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The Liberal Democrat leader has warned he could force through a vote of no confidence in Boris Johnson in the House of Commons after last night’s attempt. Sir Ed is hoping that the 148 Conservative members of Parliament who don’t have confidence in the current Prime Minister will vote with the Liberal Democrats and other opposition parties. Speaking to Kay Burley on Sky News, Sir Ed said: “I think there should be a vote of no confidence in the Prime Minister in the House of Commons, Liberal Democrats are tabling a motion of no confidence in Boris Johnson and, if it can be debated, I hope a lot of those 148 MPs who don’t have confidence in the Prime Minister will vote with the Liberal Democrats and other opposition parties so we can remove this Prime Minister.”
The Liberal Democrat leader also made a comment about the cost of living crisis for families and pensioners.
Sir Ed said: “There are millions of people out there, families and pensioners, who are suffering, they are facing a summer of discontent with rising prices, cost-of-living crisis, energy crisis and now the travel and holiday crisis, we need to see this Prime Minister gone and that is why Liberal Democrats will put forward a vote of no confidence in the Prime Minister today.”
It comes as Mr Johnson promised to cut taxes and drive down the cost of Government after a wounding revolt by Tory MPs put his long-term future in doubt.
The Prime Minister thanked Cabinet colleagues for their efforts to support him during the confidence vote process, which saw more than four in 10 Tory MPs say they had lost faith in his leadership.
In an attempt to address criticism of his economic policies, Mr Johnson said the “fundamental Conservative instinct” was to allow people to decide how to spend their money, urging Cabinet ministers to cut costs.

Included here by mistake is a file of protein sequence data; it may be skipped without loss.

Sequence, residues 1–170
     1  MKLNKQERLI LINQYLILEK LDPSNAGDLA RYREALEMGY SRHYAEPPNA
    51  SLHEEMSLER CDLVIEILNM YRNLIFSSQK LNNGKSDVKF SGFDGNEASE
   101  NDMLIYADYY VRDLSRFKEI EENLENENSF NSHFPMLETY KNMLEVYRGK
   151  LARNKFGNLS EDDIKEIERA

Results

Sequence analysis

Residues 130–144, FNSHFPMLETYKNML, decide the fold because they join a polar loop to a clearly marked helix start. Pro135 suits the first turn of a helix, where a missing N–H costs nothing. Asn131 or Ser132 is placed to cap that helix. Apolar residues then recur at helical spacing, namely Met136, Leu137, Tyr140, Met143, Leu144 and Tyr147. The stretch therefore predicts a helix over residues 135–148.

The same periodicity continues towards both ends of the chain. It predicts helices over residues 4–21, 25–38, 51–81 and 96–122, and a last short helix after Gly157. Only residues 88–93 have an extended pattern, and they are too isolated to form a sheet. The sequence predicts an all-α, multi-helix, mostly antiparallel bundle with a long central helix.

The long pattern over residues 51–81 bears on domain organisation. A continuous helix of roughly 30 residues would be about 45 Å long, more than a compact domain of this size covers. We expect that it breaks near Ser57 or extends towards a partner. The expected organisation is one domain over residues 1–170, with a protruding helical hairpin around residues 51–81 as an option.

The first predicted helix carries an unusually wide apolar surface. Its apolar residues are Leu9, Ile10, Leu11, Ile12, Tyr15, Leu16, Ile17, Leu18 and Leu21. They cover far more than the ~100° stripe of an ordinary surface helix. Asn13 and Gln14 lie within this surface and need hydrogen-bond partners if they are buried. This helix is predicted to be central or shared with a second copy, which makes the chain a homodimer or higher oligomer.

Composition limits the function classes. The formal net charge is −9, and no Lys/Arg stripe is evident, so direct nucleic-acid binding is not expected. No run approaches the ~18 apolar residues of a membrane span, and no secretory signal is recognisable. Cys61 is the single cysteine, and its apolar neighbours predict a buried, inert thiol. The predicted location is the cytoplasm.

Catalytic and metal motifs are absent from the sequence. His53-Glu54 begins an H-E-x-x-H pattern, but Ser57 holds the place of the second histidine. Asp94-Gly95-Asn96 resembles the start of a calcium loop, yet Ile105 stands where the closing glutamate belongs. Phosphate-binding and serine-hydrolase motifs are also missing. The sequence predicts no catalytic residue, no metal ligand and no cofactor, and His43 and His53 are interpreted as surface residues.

He said “delivering tax cuts” would help deliver “considerable growth in employment and economic progress”.
Despite Mr Johnson’s attempts to draw a line under questions about his leadership, critics warned that the political crisis was not over after 41% of his MPs said they no longer had confidence in him.
Tory MPs voted by 211 to 148 in support of the Prime Minister, but the scale of the opposition was greater than that seen in 2018 when Theresa May faced a confidence vote.
She was ultimately forced out within months.
Opening a Cabinet meeting in Downing Street, Mr Johnson said: “We are able now to draw a line under the issues that our opponents want to talk about.”
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That included focusing on his “levelling up” agenda to address regional inequality, measures to help deal with the rising cost of living and improvements to public services.
But he asked ministers to “make sure that you’re thinking the whole time about cutting the costs of government, about cutting the costs that business has to face and of course cutting the costs that everybody else faces, families up and down the country”.
Reforms to regulations could help cut costs in areas such as energy, transport or housing, Mr Johnson said, telling ministers “there is ample scope for us to get out of people’s way and to do things better”.
He told ministers: “Over the course of the next few weeks, I’m going to ask everybody to come forward with ways in which we cut costs, drive reform, and make sure that we understand that in the end it is people who have the best feel for how to spend their own money rather than the government or the state. And that is our fundamental, Conservative instinct.”
Allies have rallied round Mr Johnson, but former Tory leader Lord Hague said “the damage done to his premiership is severe” and he should quit rather than prolong the agony.
Mr Johnson’s authority faces further blows with tricky by-elections on June 23 in Wakefield, West Yorkshire, and Tiverton and Honiton in Devon.
But Deputy Prime Minister Dominic Raab sought to play down the impact of potential losses in the two Tory-held seats, claiming “governments of the day often lose by-elections to go on to win them at a general election”.
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